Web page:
Fantasy: 7 super-deep sleepers for 2020 (Updated)

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In an effort to shine a light on the unnoticed or outright ignored, we’ve built a list of players who are way off the fantasy radar but could become relevant if things fall their way during the season.

Keep these players on your watch list and be ready to pounce when their opportunity arises.

Average draft position data courtesy of Fanball, since best-ball ADP tends to be ahead of the curve at this point in the year. It’s based on 12-team leagues with PPR scoring.

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Marcus Mariota, QB, Raiders

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We tipped you off last year to the sneaky potential of Ryan Tannehill as the Tennessee Titans’ backup. By midseason, he had taken over as the starter, and he posted the third-most fantasy points among quarterbacks from Week 7 on.

The man he replaced – Mariota – now finds himself on the other end of a similar situation with the Las Vegas Raiders.

Mariota signed a two-year, $17.6-million contract to work behind fellow underachiever Derek Carr. The dollar amount is worth noting because Mariota will make more than any backup has over the past two years, according to ESPN’s Paul Gutierrez.

By comparison, the only man drafted ahead of Mariota in 2015 – Jameis Winston – inked a one-year, $1.1-million deal to sit on the Saints’ bench this season. For all of Winston’s flaws, the former first overall pick has been far more productive during his NFL career and is coming off a 5,000-yard campaign.

So the Raiders clearly see something in Mariota, which isn’t surprising since general manager Mike Mayock had him above Winston in his prospect rankings five years ago.

Despite Mariota’s struggles as a pro, it’s possible his fantasy value could be rejuvenated with a new organization. Prior to 2019, the 26-year-old displayed the type of rushing ability that fantasy managers covet in their quarterbacks.

Year Carries Rush. Yds Rush. TDs
2015 34 252 2
2016 60 349 2
2017 60 312 5
2018 64 357 2

And before being replaced last season, Mariota was on pace for 54 carries and 294 yards.

Rushing stats alone won’t save Mariota’s career, but a new coaching staff and an improving supporting cast in Vegas are enough to generate hope for his outlook. If he does get thrust into the starting lineup, Mariota will be an intriguing QB2 with enough rushing upside to flirt with low-end QB1 numbers.

Deep-sleeper potential: ?????

Reggie Bonnafon, RB, Panthers

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Don’t feel bad if you’re unsure who Christian McCaffrey’s handcuff is. Bonnafon has largely been an afterthought in the fantasy community while CMC dominates snaps and touches in the Carolina Panthers’ backfield.

As an undrafted free agent in 2019, Bonnafon was limited to 67 plays and touched the ball just 22 times as a rookie. However, he stood out when McCaffrey dealt with cramps in Week 5, turning five carries into 80 yards and a touchdown, though most of that production came on a 59-yard score.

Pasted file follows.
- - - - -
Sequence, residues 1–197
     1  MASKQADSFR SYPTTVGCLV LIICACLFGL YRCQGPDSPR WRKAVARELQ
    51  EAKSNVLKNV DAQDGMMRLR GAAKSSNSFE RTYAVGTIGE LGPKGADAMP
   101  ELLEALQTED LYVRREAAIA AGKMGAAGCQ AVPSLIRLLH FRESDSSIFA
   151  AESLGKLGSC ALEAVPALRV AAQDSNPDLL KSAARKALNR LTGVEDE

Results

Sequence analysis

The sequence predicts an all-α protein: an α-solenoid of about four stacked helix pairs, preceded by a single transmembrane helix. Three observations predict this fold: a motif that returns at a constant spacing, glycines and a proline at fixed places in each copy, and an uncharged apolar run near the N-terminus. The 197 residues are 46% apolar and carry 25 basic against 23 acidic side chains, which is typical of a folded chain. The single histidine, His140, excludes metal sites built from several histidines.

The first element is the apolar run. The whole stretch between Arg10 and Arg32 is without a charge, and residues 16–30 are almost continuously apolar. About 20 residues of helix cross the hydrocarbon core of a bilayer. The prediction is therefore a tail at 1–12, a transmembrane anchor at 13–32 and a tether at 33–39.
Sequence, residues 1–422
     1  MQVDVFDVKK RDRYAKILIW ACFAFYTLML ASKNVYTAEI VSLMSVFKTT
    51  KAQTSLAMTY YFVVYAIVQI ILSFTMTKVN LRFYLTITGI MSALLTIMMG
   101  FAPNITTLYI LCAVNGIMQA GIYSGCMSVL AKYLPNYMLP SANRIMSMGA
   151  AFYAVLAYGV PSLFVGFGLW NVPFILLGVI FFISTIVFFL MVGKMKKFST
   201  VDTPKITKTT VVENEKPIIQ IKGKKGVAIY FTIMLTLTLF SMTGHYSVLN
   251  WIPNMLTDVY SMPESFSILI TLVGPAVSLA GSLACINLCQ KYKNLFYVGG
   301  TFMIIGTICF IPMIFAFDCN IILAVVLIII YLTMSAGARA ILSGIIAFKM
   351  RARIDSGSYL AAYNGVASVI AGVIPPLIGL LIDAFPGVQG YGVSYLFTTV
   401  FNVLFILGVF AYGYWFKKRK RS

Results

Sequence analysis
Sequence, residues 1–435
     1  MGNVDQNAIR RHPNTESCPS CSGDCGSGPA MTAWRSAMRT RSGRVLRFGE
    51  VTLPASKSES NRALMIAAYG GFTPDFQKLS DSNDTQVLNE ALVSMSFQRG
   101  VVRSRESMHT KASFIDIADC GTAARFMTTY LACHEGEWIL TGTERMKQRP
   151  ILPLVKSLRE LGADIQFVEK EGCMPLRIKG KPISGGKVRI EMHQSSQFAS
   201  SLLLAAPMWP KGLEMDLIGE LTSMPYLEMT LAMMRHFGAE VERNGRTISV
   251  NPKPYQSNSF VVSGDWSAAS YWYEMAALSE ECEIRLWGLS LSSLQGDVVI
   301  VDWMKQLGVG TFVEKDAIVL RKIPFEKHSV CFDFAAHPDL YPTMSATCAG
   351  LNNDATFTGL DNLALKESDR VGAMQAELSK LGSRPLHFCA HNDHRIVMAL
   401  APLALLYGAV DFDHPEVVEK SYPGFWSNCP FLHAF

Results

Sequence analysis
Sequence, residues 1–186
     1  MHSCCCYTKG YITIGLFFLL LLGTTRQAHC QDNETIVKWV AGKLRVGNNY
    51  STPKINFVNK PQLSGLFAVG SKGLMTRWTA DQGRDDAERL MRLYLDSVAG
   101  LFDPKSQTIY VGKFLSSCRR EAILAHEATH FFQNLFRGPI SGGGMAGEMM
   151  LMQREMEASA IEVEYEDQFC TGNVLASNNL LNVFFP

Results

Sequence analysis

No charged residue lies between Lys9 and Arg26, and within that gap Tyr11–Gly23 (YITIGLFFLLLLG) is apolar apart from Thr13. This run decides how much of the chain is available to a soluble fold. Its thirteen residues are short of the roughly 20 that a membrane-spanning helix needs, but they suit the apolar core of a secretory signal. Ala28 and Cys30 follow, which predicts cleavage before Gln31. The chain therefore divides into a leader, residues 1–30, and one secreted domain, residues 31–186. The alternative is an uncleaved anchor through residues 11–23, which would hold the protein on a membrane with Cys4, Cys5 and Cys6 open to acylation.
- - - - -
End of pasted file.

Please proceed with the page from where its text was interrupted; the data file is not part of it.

With such a microscopic sample size, we don’t know if Bonnafon is capable of carrying the load in an NFL backfield, and the 24-year-old will once again need to hold off veteran Mike Davis and fifth-round sophomore Jordan Scarlett before we can confidently view him as the second option in Carolina.

McCaffrey hasn’t missed a game since being drafted in 2017, and he has 729 touches over the last two seasons. Considering the rate at which running backs get injured, it’s unlikely McCaffrey continues to make it through each campaign unscathed. As we saw last year, any trip to the trainer’s table will result in more work for Bonnafon, who continues to go undrafted in almost every league.

Keep him in mind as an end-of-the-bench stash or an in-season waiver wire add with sky-high upside if McCaffrey goes down.

Deep-sleeper potential: ?????

Trayveon Williams, RB, Bengals

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Williams is a late-round lottery ticket worth rostering until we find out if Joe Mixon’s holdout threats are real.

As we witnessed with Le’Veon Bell and Melvin Gordon the last two years, star running backs seeking new contracts aren’t bluffing about their willingness to sit out part of or even an entire season. In those instances, James Conner and Austin Ekeler became fantasy stars.

While Williams is currently behind 28-year-old Giovani Bernard on the depth chart, the latter could be a salary-cap casualty if the coaching staff feels comfortable enough with the youngster.

“Spoke with a Bengals offensive coach, who said as much as they love Joe Mixon, dynasty leaguers shouldn’t forget about Trayveon Williams, whom they are very high on,” ESPN’s Matthew Berry wrote after the NFL combine in February.

The Bengals’ offensive line is still a work in progress, but the arrival of quarterback Joe Burrow and the return of wideout A.J. Green could kickstart Zac Taylor’s attack and take pressure off the running game.

Whether Williams sees increased volume thanks to a Mixon holdout or gets promoted later due to an injury, he’s a name you should be familiar with for 2020 and beyond.

Deep-sleeper potential: ?????

Josh Reynolds, WR, Rams

Sean M. Haffey / Getty Images Sport / Getty

Following the trade that sent Brandin Cooks to the Houston Texans, most of the attention in the Los Angeles Rams’ receiving corps has been focused on Robert Woods, Cooper Kupp, and tight end Tyler Higbee.